Shares in PNC Financial Services lost ground on news that it was buying Royal Bank of Canada’s US retail banking operations for $3.45bn, while the wider markets edged higher as losses in the financial sector were balanced by gains in consumer stocks.
The deal, which involves nearly 420 RBC branches in the US, left shares in PNC Financial down 2 per cent to $56.66 while Royal Bank of Canada added just 0.1 per cent to $56.61.
The move follows Capital One’s $9bn purchase of ING Direct USA, the US online banking business of the Dutch financial services group, last week.
But the deal did little to improve sentiment in the financial sector, which saw the sharpest losses in the session due to worries over the continuing turmoil in Europe.
The S&P regional banking index was down 0.8 per cent helped by First Horizon, which fell 1.4 per cent to $10.08.
But the S&P 500 was up 0.5 per cent to 1,278.36, buoyed by consumer staple and discretionary stocks as the sectors rebounded from the sharp losses seen in the previous week. Whole Foods Market led the gains in consumer staples, adding 2.2 per cent to $56.90, helped by an analyst upgrade.
The S&P consumer staples index put on 0.7 per cent, also helped by Costco, up 2 per cent to $81.25.
In the consumer discretionary sector, JC Penney saw some of the strongest gains, adding 2.6 per cent to $35.19. This was a continuation of the 11.1 per cent gains last week after the company announced that Ron Johnson, senior vice-president of retail at Apple, would take over as chief executive in November.
The consumer discretionary sector was up 0.9 per cent, the best performing sector on Wall Street, paring some of the 6 per cent losses seen since the start of the month. These gains helped the Dow Jones Industrial Average up 0.6 per cent to 12,080.76, while the Nasdaq Composite rose 0.5 per cent at 2,629.66.
In the previous session, the markets narrowly avoided falling into negative territory for the seventh consecutive week. The S&P 500 was 0.04 per cent higher over the five days, a fraction away from the longest weekly run of losses on the index in a decade.
The Dow narrowly avoided its seventh consecutive week of losses as well on Friday, while the Nasdaq was not so fortunate and ran into its fifth straight week of declines.
The S&P is down 6.3 per cent from the start of May when the latest downturn began.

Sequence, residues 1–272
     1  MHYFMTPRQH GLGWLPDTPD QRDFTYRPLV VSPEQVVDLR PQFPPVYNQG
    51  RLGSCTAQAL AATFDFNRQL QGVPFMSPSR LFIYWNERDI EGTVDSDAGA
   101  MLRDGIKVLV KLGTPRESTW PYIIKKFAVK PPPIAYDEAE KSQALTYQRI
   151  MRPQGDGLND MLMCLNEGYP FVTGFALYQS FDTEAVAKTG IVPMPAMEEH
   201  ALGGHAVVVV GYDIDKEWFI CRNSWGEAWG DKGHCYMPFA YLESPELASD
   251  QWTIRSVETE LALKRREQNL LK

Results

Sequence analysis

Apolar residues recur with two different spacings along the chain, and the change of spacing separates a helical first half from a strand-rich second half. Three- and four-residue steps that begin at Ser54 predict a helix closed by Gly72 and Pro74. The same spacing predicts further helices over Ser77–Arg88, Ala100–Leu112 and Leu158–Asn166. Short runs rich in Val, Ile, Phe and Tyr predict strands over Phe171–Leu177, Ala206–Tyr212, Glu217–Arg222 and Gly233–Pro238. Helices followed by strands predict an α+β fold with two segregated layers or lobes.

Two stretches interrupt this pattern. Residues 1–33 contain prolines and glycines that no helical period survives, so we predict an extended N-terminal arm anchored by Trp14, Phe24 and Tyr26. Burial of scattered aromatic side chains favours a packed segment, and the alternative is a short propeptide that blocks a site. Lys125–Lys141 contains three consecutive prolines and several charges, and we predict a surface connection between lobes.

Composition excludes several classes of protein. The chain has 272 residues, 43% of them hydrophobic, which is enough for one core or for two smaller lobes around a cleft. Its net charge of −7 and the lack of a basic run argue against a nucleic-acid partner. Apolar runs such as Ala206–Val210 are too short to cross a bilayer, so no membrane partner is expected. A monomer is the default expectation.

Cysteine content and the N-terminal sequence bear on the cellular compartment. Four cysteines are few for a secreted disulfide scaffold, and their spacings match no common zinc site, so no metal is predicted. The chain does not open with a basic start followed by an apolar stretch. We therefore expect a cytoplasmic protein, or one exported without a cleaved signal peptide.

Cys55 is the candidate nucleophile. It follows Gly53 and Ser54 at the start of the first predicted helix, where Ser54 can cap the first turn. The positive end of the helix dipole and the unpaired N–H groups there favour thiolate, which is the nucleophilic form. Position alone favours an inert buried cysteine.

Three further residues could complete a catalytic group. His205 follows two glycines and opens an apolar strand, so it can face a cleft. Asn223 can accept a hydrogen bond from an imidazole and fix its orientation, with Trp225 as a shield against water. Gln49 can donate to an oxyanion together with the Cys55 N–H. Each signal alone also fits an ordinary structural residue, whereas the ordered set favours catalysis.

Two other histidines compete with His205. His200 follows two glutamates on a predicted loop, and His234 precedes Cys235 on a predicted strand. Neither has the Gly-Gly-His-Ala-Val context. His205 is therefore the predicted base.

“In a month light on corporate news, the ‘worry season’ has been dominated by news from Greece, the US debt ceiling, US recession fears and slowing China growth,” said Bank of America Merrill Lynch analysts, explaining the recent month and a half of losses.
Many analysts have begun to argue that the latest losses have opened up some buying opportunities on Wall Street.
“We believe the risk of missing the [buying opportunity in the] summer dip is greater than risk of further significant downside,” continued analysts at Bank of America.
In corporate news, shares in Harbin Electric soared 59.2 per cent to $12.82 after it agreed to sell itself to companies owned by Tianfu Yang, the chairman and chief executive, in a deal that values the Chinese electric motor manufacturer at $744m. The stock has been on a rollercoaster ride in the past week, plunging 51.2 per cent on Thursday after Citron Research raised doubts about the proposed management-led buy-out.
It then jumped 20.1 per cent on Friday as these concerns appeared to subside. But the stock is still 19 per cent below where it was at the start of the month.
Harbin Electric is not the only US-listed Chinese company that has seen volatile trading in recent weeks. Sino-Forest is down 86.1 per cent since the start of the month.
Elsewhere, Research in Motion continued to lose ground after its disappointing earnings last week, not helped by a ratings downgrade from Bernstein. The stock was down 6.7 per cent to $25.89, adding to losses of 24.1 per cent last week.
Dine Equity rose 0.5 per cent to $49.05 after reaching a deal with M.H. Alshaya, an international franchise operator, to develop 40 IHOP restaurants in the Middle East over the next five years. The move will be the restaurant chain’s first major expansion outside North America.
Carpenter Technology added 8.4 per cent to $51.92 after agreeing to acquire Latrobe Specialty Metals.